This piece appears in POPs #1: Parents on Parenting, a zine edited by my friend Jonas and available from Pioneer Press.
The invincibility of youth is a cliché that I never fully celebrated in adolescence, but I did, nonetheless, become acutely aware of my own mortality for the first time when I was twenty-five. That was the year that my dad died from a rare form of cancer. He had been a strong and healthy man, yet his body succumbed to an ugly and tortuous disease. I was happy for his suffering to end, and of course I was sad in many obvious and nuanced ways that I won’t expound here. But one lesson I learned from watching my primary role model die at age sixty was that I will also die.
My father died in a crude and beautiful room in our house that he had hand-built from massive timbers, and eight years later my son was born in that exact same room. Raising a baby boy in the same house in which I had grown up made it easy to imagine that I had become my father and that my son was a new version of me. Such comparisons are both cutely sentimental and grotesquely patrilineal, but my thinking of distinct persons as multi-generational manifestations of some common narrative was an enticement of a kind of immortality, one that may have helped mitigate my opposite, predominant feeling for a while.
Not since the death of my father has any event or process so singularly invited the fear of death into my mind as the birth of my child because time seemed to be moving so fast during the first several months of his infancy. I suppose this is mainly due to the rapidity with which a neonate develops, but whatever the cause, the effect was that my life appeared like a video on fast forward. It was terrifying to feel that not only had the first thirty-three years of my life become a blur of memories archived on magnetic tape, but that the next few decades threatened to play even quicker.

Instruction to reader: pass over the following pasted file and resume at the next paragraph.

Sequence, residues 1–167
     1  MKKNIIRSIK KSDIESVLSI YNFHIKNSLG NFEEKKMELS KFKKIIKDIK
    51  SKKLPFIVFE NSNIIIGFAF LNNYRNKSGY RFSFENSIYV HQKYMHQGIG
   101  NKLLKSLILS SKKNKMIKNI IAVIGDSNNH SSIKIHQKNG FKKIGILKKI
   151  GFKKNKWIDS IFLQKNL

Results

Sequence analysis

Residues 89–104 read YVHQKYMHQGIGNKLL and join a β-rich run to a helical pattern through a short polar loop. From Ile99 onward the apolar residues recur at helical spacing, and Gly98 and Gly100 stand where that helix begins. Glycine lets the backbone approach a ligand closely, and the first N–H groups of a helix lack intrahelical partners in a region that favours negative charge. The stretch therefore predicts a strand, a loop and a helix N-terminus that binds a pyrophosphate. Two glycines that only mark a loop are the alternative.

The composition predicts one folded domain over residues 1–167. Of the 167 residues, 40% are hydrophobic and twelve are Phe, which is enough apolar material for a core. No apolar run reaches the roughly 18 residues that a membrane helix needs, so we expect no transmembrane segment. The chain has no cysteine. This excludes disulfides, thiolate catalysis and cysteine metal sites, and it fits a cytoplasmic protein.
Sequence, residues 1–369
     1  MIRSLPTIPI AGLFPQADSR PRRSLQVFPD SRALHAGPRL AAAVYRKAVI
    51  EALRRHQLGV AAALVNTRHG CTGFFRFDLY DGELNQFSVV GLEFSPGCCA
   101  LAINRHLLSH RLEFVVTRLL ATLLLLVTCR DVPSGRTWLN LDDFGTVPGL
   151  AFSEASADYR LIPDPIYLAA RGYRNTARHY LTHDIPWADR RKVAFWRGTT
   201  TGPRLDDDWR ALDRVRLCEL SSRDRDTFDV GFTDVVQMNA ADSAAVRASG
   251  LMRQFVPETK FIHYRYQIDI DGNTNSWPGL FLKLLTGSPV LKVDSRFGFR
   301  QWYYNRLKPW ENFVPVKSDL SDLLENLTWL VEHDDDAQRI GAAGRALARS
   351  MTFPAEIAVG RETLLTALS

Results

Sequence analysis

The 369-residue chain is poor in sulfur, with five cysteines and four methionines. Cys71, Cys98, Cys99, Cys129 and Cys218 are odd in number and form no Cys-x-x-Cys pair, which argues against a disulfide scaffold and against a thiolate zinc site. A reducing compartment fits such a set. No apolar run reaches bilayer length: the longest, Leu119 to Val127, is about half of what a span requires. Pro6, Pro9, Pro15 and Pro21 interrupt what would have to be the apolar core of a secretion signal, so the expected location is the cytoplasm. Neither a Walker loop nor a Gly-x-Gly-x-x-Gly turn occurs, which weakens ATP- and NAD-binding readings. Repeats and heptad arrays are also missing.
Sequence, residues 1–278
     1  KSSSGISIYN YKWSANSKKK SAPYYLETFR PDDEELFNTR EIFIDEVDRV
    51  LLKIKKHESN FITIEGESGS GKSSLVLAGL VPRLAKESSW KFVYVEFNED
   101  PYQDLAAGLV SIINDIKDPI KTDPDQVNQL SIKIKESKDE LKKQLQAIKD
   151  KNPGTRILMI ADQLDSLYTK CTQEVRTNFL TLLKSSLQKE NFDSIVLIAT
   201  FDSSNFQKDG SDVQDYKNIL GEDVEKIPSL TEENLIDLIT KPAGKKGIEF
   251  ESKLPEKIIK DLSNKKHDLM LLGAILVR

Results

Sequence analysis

So while I was laying against a stack of pillows and watching my infant son crawl around the rug and stick objects into his mouth, I conjured the syllogism:
If time accelerates as I approach the end of my life, then at the instant of death I will perceive all of my life’s experiences simultaneously.
It’s a kind of Relativity, I guess, wherein reaching the time of death eliminates the perception of time itself. So there is a paradox that as mortality bears down on my terrestrial mindbody like a hammer against an anvil, I will perceive a sort of timelessness in death—maybe.
Anyway, that’s a hypothesis I would prefer not to test until the second half of this century, and in the meantime I have a more conservative approach to slowing down the unforgiving onslaught of entropy. If I reverse the direction of time in my if-then statement above, I might also contend:
If time decelerates as I move back towards my first breath, then at the moment of birth I perceived my lifespan as infinite.
It makes sense because when I was a little kid a half-hour seemed like a long time, and going back even further, a newborn waking alone in a crib, for example, can take no refuge in the possibility of being comforted soon, because it only perceives its present experience.
Now, I am absolutely certain that my life has no rewind button, but I know somebody who is young enough and new enough to our four-dimensional experience that “now” feels like a long time and “later” feels like eternity. At this writing, my son is sixteen months, and I am fortunate to be able to spend a great deal of time with him. Sometimes it seems tedious and frustrating watching a baby for several hours, especially when you have work to do around the house and errands to run and so on, but these long hours are a precious opportunity to suspend or at least slow down entropy. By relinquishing worries about the gutters and the dishes and the library books for a while and instead relaxing and just being with my son in the present moment, I can live a little bit in real time and delay the inevitable demise of my existence as I currently understand it.
Of course there’s one more, vital piece to this “be here now with baby” strategy. Whether or not it really affects my perception of time now or at the moment of my death, at least I will know that I enjoyed as much time with my son as I could during my life. Afterall, there’s something else I learned when my dad died, other than the obvious notion that I too will perish. It’s another cliché, but one that I would be foolish not to honor—that I won’t be able spend time with the ones I love when I’m gone. That I know for sure. Unless—just maybe—the instant of death brings the perception of simultaneity, then mortality may bring us all together forever.